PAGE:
It is important you seek professional medical help if you think you may have social anxiety disorder since there are effective treatments, such as paroxetine, that can help you live a less anxious life. Unfortunately, of the approximately 15 million American adults who suffer from social anxiety disorder, fewer than 5% seek treatment and those who don’t are at increased risk of becoming depressed or alcoholic.

Panic disorder

Panic disorder is classified as an anxiety disorder in the DSM-5. To be diagnosed with panic disorder, you need to:

  • Experience unexpected panic attacks on a regular basis
  • At least one attack is followed by at least one month or feeling fearful of further attacks and accordingly trying to avoid situations that might induce an attack
  • The attacks are not due to the direct physiological effects of a drug, medication, or medical condition
  • The attacks are not better accounted for by another mental disorder

According to the DSM-5, there are two categories of panic attacks: expected and unexpected. Expected panic attacks are typically linked to a specific fear such as being afraid of heights, whereas unexpected panic attacks have no known triggers and appear to occur out of the blue.

According to DSM-5, a panic attack is characterized by four or more of the following symptoms :

  • Numbness or tingling sensations
  • Body chills or hot flashes
  • Shortness of breath
  • A feeling of choking
  • Palpitations, pounding heart, or accelerated heart rate
  • Sweating
  • Trembling or shaking
  • Chest pain
  • Nausea or abdominal pain
  • Feelings of unreality or being detached from oneself
  • Fear of losing control or going crazy
  • Feeling dizzy, unsteady, lightheaded, or faint
  • Fear of dying

If you have fewer than four of the above symptoms, it is considered a limited-symptom panic attack.

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Obsessive compulsive disorder

Obsessive compulsive disorder (OCD) is when you get caught up in a cycle of obsessions and compulsions.

Obsessions are defined as repetitive, unwanted, and uncontrollable intrusive thoughts, images, or urges that trigger intensely distressing feelings, including the feeling that things need to be done in the ‘right’ way. Obsessions seen with OCD include obsessions related to contamination, losing control, fear of harm, perfectionism, religion, unwanted sexual thoughts, and more.

Compulsions are defined as behaviors you engage in to attempt to get rid of or escape the obsessions and reduce your distress. Common compulsions include excessive washing and cleaning, checking, and repeating, as well as mental compulsions including mental reviewing, counting, praying, and others.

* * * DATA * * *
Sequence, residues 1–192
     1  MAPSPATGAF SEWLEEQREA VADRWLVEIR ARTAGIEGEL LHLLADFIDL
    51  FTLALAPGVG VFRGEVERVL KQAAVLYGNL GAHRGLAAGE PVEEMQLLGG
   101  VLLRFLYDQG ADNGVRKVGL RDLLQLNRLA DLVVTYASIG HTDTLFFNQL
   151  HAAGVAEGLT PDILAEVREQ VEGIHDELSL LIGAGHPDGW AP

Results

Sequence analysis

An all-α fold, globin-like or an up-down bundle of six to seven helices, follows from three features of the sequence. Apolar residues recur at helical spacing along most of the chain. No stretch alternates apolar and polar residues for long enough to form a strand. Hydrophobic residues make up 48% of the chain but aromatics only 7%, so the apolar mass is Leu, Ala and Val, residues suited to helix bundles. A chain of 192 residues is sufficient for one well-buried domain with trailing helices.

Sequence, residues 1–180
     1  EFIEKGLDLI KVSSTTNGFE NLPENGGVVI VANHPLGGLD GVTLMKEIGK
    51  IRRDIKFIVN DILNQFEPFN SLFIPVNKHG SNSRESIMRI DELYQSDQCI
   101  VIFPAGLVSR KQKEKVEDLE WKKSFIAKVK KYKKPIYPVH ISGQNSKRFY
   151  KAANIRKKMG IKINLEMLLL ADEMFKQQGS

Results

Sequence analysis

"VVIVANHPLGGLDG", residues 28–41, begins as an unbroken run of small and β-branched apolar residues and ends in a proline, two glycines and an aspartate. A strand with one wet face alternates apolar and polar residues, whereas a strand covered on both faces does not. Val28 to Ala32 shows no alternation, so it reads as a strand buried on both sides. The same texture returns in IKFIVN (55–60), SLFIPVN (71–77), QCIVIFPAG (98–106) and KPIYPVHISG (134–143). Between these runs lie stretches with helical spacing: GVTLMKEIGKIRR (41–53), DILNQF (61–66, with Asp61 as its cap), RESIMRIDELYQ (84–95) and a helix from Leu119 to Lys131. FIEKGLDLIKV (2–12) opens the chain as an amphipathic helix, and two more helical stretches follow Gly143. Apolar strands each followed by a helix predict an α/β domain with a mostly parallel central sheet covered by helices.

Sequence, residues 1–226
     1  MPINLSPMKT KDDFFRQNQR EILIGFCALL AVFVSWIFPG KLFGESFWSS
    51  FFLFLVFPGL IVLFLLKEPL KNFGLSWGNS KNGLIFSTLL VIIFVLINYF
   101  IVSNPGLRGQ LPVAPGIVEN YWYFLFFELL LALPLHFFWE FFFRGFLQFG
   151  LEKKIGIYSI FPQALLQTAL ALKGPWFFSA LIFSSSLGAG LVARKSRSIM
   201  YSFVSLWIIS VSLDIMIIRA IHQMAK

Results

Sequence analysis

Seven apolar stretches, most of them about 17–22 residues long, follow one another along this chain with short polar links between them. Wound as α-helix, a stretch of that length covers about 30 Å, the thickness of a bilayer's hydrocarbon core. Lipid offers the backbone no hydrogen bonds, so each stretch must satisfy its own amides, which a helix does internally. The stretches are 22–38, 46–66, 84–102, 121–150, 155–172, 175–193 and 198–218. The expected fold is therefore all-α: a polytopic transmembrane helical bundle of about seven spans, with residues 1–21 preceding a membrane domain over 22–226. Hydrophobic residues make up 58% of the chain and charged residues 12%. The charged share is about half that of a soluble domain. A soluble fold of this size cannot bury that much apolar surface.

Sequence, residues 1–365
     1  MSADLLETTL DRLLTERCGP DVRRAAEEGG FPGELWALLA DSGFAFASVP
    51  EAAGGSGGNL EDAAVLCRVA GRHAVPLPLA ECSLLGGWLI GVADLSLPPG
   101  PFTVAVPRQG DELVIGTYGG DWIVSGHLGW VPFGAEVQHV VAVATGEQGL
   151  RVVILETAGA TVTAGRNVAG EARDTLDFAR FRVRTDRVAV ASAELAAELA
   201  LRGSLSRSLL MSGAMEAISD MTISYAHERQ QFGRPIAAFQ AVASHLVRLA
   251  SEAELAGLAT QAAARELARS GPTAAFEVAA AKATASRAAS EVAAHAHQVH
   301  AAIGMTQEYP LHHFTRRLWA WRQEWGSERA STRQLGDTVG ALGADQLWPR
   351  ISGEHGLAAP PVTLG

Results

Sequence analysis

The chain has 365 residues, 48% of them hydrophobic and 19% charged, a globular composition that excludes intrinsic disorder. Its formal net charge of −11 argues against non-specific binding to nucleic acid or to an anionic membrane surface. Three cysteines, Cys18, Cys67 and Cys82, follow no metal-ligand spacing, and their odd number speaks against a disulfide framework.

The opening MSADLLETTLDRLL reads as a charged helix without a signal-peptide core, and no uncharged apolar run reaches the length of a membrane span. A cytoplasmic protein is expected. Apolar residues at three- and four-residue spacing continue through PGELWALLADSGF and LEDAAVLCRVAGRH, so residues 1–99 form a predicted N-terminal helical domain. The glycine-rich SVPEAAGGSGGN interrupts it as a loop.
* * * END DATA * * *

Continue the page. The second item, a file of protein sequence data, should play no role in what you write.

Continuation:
To be diagnosed with OCD, this cycle of obsessions and compulsions becomes so extreme that it takes up much of your time and prevents you from carrying out other activities you value and would like to do.

Post-traumatic stress disorder

Post-traumatic stress disorder or PTSD is the brain’s natural reaction following the experience of a traumatic situation or event. Such an event may have been an accident, you being a victim or witness to a violent crime, war or terrorism, serious disease or natural disaster, or if you’ve suffered physical or sexual abuse. Such a trauma may have led you to feel intense fear, pain, or sorrow to the extent that you are fearful of serious harm or death. You continue to feel helpless after the event and altogether these feelings affect your daily activities and relationships.

Signs and symptoms of PTSD include:

  • Nightmares, flashbacks, bad memories, hallucinations
  • Feeling anxious, restless, or on edge
  • Trouble sleeping, feeling depressed
  • Feeling afraid, helpless, numb, or detached from others
  • Angry or violent outbursts
  • Avoiding things or people that remind you of the trauma
  • Negative feelings about yourself, feeling guilty

According to the DSM-5 criteria, you can be diagnosed with PTSD if you have had all of the following for at least one month that cause you distress and the inability to function normally at work and socially (and are not due to a medication side-effect or other illness):

  • You have seen, faced, or experienced an event that involved or threatened serious injury, sexual violence, near death, or death
  • You have at least one constant symptom of re-experiencing the traumatic event
  • You have at least one symptom of avoidance of trauma-related stimuli
  • You have at least two negative changes to the way you think and your mood following the trauma
  • You have at least two hyper-arousal symptoms such as irritability, aggression, risky behavior, hyper-vigilance, trouble concentrating and sleeping
  • Your symptoms cause distress and affect your daily activities, work, and relationships

It is estimated that nearly 3% of U.S. adults had panic disorder in the past year.

Premenstrual dysphoric disorder

Premenstrual dysphoric disorder (PMDD) is a condition in which a woman has serious depression, irritability, and tension before menstruation. Unlike premenstrual syndrome (PMS), PMDD is much more severe to the extent that it can affect a woman from carrying out her normal daily activities and relationships. In both conditions, about 5-11 days before menstruation, a woman will have a wide range of physical or emotional symptoms that will then usually stop once her period starts.